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Thread: Fleet Foxes - Helplessness Blues

  1. #1
    Grumpy Old Man Music Head's Avatar
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    Aug 2009
    Lancaster, Kentucky, United States

    Default Fleet Foxes - Helplessness Blues

    how about Mumford & Sons meets The National or Band Of Horses
    that's the best I can come up with
    not saying they are that good, just the sound
    borderline list

    Grade - 1.6

    released May 3rd, 2011

    from the album - Grown Ocean - 1.5

    from all music


    Seattle's Fleet Foxes are led by vocalist/guitarist Robin Pecknold, who fashioned his band's earthy, harmony-rich sound in honor of such perennial '60s artists as Bob Dylan, Neil Young, the Zombies, and the Beach Boys. Mixing baroque pop with elements of classic rock and British folk, the band took shape in 2006 as Pecknold was joined by guitarist Skyler Skjelset, bassist Bryn Lumsden, drummer Nicholas Peterson, and keyboardist Casey Wescott. After playing only a handful of shows, the band generated a healthy amount of label interest and caught the attention of local producer Phil Ek, who had previously helmed records by Built to Spill and the Shins. Ek worked with the band on its Sun Giant EP, which was issued by Sub Pop Records in spring 2008. Fleet Foxes' self-titled debut full-length followed that summer, earning them a healthy amount of critical respect in America as well as healthy sales in the U.K., where the band's debut went platinum. Helplessness Blues followed in 2011, marking the group's third collaboration with Phil Ek.

    Album Review

    Props to Helplessness Blues for making the fretless zither cool again. On their second album, Fleet Foxes continue to take their music in unusual directions, creating a baroque folk-pop sound that hints at a number of influences -- Simon & Garfunkel, Fairport Convention, the Beach Boys -- but is too unique, too esoteric, too damn weird to warrant any direct links between the Seattle boys and their predecessors. It’s still a downright gorgeous record, though, filled to the brim with glee club harmonies and the sort of stringed instruments that are virtually unknown to anyone who didn’t go to music school (and even if you did, when’s the last time you rocked out on the Marxophone?). Relying on obscure instrumentation can be a dangerous game, and Fleet Foxes occasionally run the risk of sounding too clever for their own good, as if the need to “out-folk” groups like Mumford & Sons and Midlake is more important than writing memorable, articulate folk tunes. But Helplessness Blues has the necessary songs to back it up, from the slow crescendos of the album-opening “Montezuma” to the sweeping orchestral arrangement of the encore number, “Grown Ocean.”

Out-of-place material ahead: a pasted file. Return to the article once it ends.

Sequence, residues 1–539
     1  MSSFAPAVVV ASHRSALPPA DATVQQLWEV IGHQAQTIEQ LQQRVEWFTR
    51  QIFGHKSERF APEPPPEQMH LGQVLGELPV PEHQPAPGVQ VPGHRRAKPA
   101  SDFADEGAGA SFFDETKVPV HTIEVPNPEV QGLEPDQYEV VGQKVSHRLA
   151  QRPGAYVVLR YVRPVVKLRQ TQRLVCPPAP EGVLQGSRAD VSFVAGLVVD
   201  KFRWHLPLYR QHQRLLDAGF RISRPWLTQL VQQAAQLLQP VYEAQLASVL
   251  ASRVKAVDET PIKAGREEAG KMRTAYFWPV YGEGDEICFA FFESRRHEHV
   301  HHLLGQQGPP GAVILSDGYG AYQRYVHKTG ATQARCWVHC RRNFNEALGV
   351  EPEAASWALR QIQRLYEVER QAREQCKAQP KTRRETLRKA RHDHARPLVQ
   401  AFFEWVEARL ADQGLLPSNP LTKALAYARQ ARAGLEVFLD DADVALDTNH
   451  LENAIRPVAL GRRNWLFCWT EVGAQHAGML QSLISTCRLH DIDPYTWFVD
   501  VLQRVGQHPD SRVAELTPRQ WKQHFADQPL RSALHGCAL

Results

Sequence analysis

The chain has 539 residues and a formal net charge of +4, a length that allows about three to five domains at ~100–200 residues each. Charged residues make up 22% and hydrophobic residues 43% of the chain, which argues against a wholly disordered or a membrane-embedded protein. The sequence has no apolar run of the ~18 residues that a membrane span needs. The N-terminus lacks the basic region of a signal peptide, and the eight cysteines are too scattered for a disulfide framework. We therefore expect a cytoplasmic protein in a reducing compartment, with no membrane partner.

Robin Pecknold remains the ringleader of this Celtic circus. His is the only voice to cut through the thick, lush harmonies that Fleet Foxes splash across every refrain like paint, and his lyrics -- rife with allusions to the Bible, Dante the Magician, and the poetry of W.B. Yeats -- reach beyond the territory he occupied on the band’s first record, which painted simple geographical portraits with songs like “Sun It Rises,” “Ragged Wood,” “Quiet Houses,” and “Blue Ridge Mountains.” On Helplessness Blues, he’s just as interested in the landscape of the human heart. Still, it’s the music that stands out, and the band’s acoustic folk/chamber pop combo makes every song sound like a grand tribute to back-to-the-land living.

    Track Listing

    1 Montezuma Pecknold 3:37
    2 Bedouin Dress Pecknold 4:29
    3 Sim Sala Bim Pecknold 3:14
    4 Battery Kinzie Pecknold 2:48
    5 The Plains/Bitter Dancer Pecknold 5:53
    6 Helplessness Blues Pecknold 5:03
    7 The Cascades Pecknold 2:07
    8 Lorelei Pecknold 4:24
    9 Someone You'd Admire Pecknold 2:29
    10 The Shrine/An Argument Pecknold 8:07
    11 Blue Spotted Tail Pecknold 3:05
    12 Grown Ocean Pecknold 4:36
    “A man only learns in two ways, one by reading, and the other by association with smarter people.”
    Will Rogers

  2. #2


    i got their last(debut) album, loved the harmonies immensely, but found the songs to be all too much of a muchness throughout, not a bad album though, somewhere around 1.7 ish. im gonna have to hear the new one in its entirety before i think about getting it though and your 1.6 rating does nothing to make me want to do it in the near future.

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